Submitted by: Tonya Burgers
Supervisor: Tim Papakyriakou
Earlier this year, I had the opportunity to attend a field course at the University Centre in Svalbard (UNIS). It was an amazing and unforgettable experience - with the added bonus of providing me with useful skills and techniques that I will use throughout my Ph.D. program. As a Ph.D. student I study the carbonate chemistry of Arctic waters, specifically within Baffin Bay and Nares Strait (located between northern Canada and Greenland). At UNIS I participated in the field course “Chemical Oceanography in the Arctic”, which involved guest lectures by a number of prominent Arctic researchers from around the world, as well as six days of fieldwork, and hands-on laboratory work. My classmates and I learned about the cycling of various chemical species in the Arctic marine environment (such as nutrients, oxygen, carbon, and methane), and how to use these chemical species as tracers of physical and biological processes.
The highlight of the course was a 3-day cruise on board the Polarsyssel (the Governor of Svalbard’s ship), during which we collected seawater samples across six different fjords in western Svalbard. The scenery was absolutely stunning, and we enjoyed it for hours as we worked on-deck, lowering a Niskin bottle overboard to collect sample after sample. We also took turns working in our on-board laboratory (inside a shipping container on the deck), analyzing samples as we collected them, and taking the opportunity to warm up. We even had two lectures take place on the ship, during cruising time between our sampling stations. I would say these were our most comfortable lectures of the course, as they took place in the lounge of the ship with comfy couches and snacks from the ship’s kitchen. The crew of the ship could not have been more welcoming to us.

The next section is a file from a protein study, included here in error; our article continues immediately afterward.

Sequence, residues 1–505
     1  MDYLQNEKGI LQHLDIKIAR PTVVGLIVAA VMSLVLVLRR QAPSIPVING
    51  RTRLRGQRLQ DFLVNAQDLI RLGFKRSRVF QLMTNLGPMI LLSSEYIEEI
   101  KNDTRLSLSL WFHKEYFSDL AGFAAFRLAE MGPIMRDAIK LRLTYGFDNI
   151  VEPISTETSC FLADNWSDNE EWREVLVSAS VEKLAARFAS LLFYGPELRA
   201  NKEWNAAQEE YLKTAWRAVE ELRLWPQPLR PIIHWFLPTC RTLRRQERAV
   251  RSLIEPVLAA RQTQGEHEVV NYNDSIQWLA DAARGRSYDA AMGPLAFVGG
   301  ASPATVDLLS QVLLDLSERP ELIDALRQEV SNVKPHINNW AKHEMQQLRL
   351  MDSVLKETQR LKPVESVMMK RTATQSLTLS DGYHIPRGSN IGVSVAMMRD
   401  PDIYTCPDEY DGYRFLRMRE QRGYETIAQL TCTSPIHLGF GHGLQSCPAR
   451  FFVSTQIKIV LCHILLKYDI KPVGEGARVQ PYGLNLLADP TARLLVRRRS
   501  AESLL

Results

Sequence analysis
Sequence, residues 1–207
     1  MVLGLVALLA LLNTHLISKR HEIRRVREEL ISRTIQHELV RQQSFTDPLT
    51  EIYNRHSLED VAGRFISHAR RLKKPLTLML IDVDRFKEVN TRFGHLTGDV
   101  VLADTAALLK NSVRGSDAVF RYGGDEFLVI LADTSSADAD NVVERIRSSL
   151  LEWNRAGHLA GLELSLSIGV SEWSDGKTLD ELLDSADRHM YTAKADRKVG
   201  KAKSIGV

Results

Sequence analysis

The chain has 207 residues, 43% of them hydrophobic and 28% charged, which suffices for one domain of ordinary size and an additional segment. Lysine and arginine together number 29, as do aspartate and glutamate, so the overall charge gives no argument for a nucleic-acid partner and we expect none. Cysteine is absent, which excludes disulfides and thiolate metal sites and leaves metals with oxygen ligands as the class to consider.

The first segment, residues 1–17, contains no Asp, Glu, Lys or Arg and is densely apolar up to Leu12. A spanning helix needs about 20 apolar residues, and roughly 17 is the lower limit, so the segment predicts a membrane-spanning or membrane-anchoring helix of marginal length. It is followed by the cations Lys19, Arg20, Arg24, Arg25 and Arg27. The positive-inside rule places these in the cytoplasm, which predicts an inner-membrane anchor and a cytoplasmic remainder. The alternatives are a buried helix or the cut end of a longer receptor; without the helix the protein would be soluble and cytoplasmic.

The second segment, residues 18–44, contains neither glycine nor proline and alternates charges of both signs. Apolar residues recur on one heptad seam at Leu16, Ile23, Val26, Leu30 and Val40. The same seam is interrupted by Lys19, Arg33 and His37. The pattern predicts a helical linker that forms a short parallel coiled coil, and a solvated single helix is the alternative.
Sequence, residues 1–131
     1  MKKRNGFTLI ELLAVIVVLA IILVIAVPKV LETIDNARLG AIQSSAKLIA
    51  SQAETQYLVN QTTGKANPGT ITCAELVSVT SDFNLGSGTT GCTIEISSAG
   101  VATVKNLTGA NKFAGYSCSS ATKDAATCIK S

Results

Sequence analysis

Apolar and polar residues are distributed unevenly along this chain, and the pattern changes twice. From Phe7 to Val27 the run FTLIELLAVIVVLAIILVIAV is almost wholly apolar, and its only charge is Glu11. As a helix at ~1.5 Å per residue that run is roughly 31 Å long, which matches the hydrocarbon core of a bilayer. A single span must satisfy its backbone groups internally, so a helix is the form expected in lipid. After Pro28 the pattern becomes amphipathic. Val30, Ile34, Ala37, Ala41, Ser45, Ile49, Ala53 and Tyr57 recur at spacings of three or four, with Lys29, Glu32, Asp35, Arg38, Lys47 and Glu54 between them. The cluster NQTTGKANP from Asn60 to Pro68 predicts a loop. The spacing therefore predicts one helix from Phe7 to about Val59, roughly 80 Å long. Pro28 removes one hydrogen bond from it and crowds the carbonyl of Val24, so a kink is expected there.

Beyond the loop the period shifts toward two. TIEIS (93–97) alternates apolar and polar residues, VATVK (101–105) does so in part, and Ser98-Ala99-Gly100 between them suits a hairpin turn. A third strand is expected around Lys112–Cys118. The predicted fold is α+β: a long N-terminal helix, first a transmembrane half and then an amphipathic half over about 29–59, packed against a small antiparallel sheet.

After our fieldwork was completed, we quickly settled back in at UNIS and began trying to understand and interpret our new datasets. At this point the intensity of the course ramped up. Our class was divided into groups and tasked with drafting a research article on a specific topic, using both our data from this year, and datasets collected by classes in previous years. At the same time we still had regular lectures, and were provided with helpful workshops on scientific writing and various tools we could use to visualize and manipulate our data.
Reflecting back on my time in this course, it is apparent that the overall objective is to prepare young researchers for the remainder of their academic careers. We covered all the bases – how to prepare for and conduct fieldwork, how to collect and analyze seawater samples for a variety of chemical parameters, and how to examine and interpret the data to produce scientific articles. I would recommend a course at UNIS to any early-career Arctic researcher. The experience at UNIS is quite unique, from their hands-on approach to learning (every course has a field component), to being immersed in the Arctic environment you are attempting to understand.
I’d like to say a special thank you to the ArcticNet Training Fund, for providing me with monetary support to attend this field course. Without this support my attendance in this field course would not have been a possibility.
One of my classmates documented our fieldwork experiences in this video.
Video credit: Sebastian Menze
The town of Longyearbyen. Photo credit: Tonya Burgers.
The Polarsyssel with Tonya in front for scale. Photo credit: Kiyomi Holman.
Views from the bridge of Polarsyssel. Photo credit: Tonya Burgers.
Enjoying the beautiful views on the beach in Longyearbyen. Photo credit: Kiyomi Holman.